This might seem obvious, but just in case it isn't — starting with the freshest, highest-quality fish will give you the best results. When you're at the fishmonger, be sure to smell your fish before buying it (via CookUK). If it has an ammonia odor or any other strange scent, throw it back. Fish skin should be smooth, without lumps or bumps, and it should have a fine coating of translucent slime. If you're able to touch the fish, the flesh should feel elastic when pressed upon, and it should spring back to shape after you release it.

When buying a whole fish, look into its eyes. Not for romantic reasons, but to check that the eyes are bright and clean and don't appear dull or glazed. When buying filets or steaks, make sure they look moist and don't show signs of bruising or other damage.

Choosing fresh fish with the skin still on can improve its chances in your freezer. If you're freezing a whole fish, don't skin it beforehand. The skin will help preserve moisture in the flesh and prevent desiccation (via Jenkins & Son Fishmongers and Poulterers). You can also do this with skin-on filets and steaks.

How you freeze it isn't the only factor in how your frozen fish tastes when you actually cook it. You also need to make sure you're thawing it properly. In fact, according to University of Alaska Fairbanks, how you thaw your fish is just as important as how you freeze it.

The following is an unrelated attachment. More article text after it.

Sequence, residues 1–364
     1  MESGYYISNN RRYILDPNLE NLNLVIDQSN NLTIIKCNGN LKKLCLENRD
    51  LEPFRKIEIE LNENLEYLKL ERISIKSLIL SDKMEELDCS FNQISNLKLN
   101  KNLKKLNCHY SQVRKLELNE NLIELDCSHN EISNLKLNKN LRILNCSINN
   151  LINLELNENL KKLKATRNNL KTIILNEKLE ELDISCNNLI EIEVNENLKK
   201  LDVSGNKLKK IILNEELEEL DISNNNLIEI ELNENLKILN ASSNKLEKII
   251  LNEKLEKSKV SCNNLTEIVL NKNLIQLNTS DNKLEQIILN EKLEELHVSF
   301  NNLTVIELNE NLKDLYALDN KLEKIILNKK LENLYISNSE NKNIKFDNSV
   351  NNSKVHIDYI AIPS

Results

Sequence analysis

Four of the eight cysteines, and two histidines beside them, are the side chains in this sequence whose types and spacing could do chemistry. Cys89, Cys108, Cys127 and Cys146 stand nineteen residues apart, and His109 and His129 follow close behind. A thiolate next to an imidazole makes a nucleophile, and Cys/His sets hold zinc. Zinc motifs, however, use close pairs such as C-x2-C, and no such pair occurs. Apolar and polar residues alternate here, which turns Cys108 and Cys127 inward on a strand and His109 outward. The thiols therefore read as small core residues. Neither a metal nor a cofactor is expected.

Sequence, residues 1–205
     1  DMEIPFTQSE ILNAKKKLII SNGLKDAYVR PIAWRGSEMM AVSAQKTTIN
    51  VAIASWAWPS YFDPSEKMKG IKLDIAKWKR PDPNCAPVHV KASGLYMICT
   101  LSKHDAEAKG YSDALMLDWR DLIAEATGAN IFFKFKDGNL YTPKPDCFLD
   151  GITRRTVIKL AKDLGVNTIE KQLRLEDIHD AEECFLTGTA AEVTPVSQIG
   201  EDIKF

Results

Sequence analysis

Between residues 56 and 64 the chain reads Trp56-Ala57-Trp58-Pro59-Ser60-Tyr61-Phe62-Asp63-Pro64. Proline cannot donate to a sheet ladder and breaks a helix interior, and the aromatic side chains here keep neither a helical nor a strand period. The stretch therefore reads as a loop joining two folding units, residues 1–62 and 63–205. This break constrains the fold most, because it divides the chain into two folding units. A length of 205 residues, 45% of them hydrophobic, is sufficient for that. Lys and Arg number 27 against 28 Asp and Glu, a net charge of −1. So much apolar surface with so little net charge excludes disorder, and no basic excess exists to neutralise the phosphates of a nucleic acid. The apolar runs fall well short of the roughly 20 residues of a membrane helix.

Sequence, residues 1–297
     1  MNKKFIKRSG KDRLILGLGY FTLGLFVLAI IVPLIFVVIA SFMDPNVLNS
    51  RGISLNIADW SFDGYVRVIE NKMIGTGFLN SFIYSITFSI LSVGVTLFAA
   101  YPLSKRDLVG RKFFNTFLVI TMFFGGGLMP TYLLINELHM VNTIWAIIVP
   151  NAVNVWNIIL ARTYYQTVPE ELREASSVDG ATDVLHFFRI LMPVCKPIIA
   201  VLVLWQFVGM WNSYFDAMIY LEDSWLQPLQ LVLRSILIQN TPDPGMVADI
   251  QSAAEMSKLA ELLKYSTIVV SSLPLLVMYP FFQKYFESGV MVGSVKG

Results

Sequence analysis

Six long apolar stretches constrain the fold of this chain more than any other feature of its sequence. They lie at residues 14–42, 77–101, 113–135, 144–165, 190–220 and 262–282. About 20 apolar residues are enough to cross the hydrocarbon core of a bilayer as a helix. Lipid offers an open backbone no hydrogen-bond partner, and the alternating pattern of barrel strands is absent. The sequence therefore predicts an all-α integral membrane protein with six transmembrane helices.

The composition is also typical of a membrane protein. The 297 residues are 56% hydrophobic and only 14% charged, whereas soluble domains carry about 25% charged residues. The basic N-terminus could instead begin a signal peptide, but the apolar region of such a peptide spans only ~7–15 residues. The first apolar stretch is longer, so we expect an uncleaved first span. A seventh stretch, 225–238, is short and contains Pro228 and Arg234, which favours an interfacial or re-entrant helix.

Defrosting the fish as quickly as you can is key. However, this should not be done in hot water, nor should fish be kept at room temperature. The best way to thaw fish is under cold running water from the tap. Place the fish in a waterproof bag — if it's not already in one — empty as much air as you can from it, and tightly seal it. Air in the bag will extend the time it takes to thaw the fish. Put the bag with the fish in a pan or directly in the sink and run cold water over it. With thinner cuts, such as filets, thawing shouldn't take more than about five to 10 minutes. Thicker cuts will take longer.

Microwaving is another method for quickly thawing fish. Defrosting settings and times will vary based on your microwave, so you should consult the manufacturer's manual. Lastly, you can thaw fish in the refrigerator slowly. However, this tends to result in a loss of fluid and can cause the fish to dry out. You can also cook fish from frozen, but it's important to note that cooking times will be longer.

You may have heard that it's unsafe to refreeze fish. This isn't true. As long as you have handled the fish properly, keeping it refrigerated after thawing, it is safe to wrap it up again and put it back in the freezer (via University of Alaska Fairbanks). This goes for fresh and cooked fish. And, you can certainly refreeze fish that has only been partially defrosted.

The danger arises when the fish hasn't been kept cool. Warmer temperatures allow for the proliferation of bacteria that can cause foodborne illness. If you're unsure, look for any of the common signs of spoilage: changes in odor, texture, or color; dullness of the eyes, muscle softness, and a bursting belly in whole fish (via Aquafind). If you have any doubts about the freshness of the fish, it's best to throw it out.

Keep in mind that thawing and refreezing fish, although safe, will reduce the quality of the fish (via University of Alaska Fairbanks). So it's best to make sure you are going to eat the fish before defrosting it.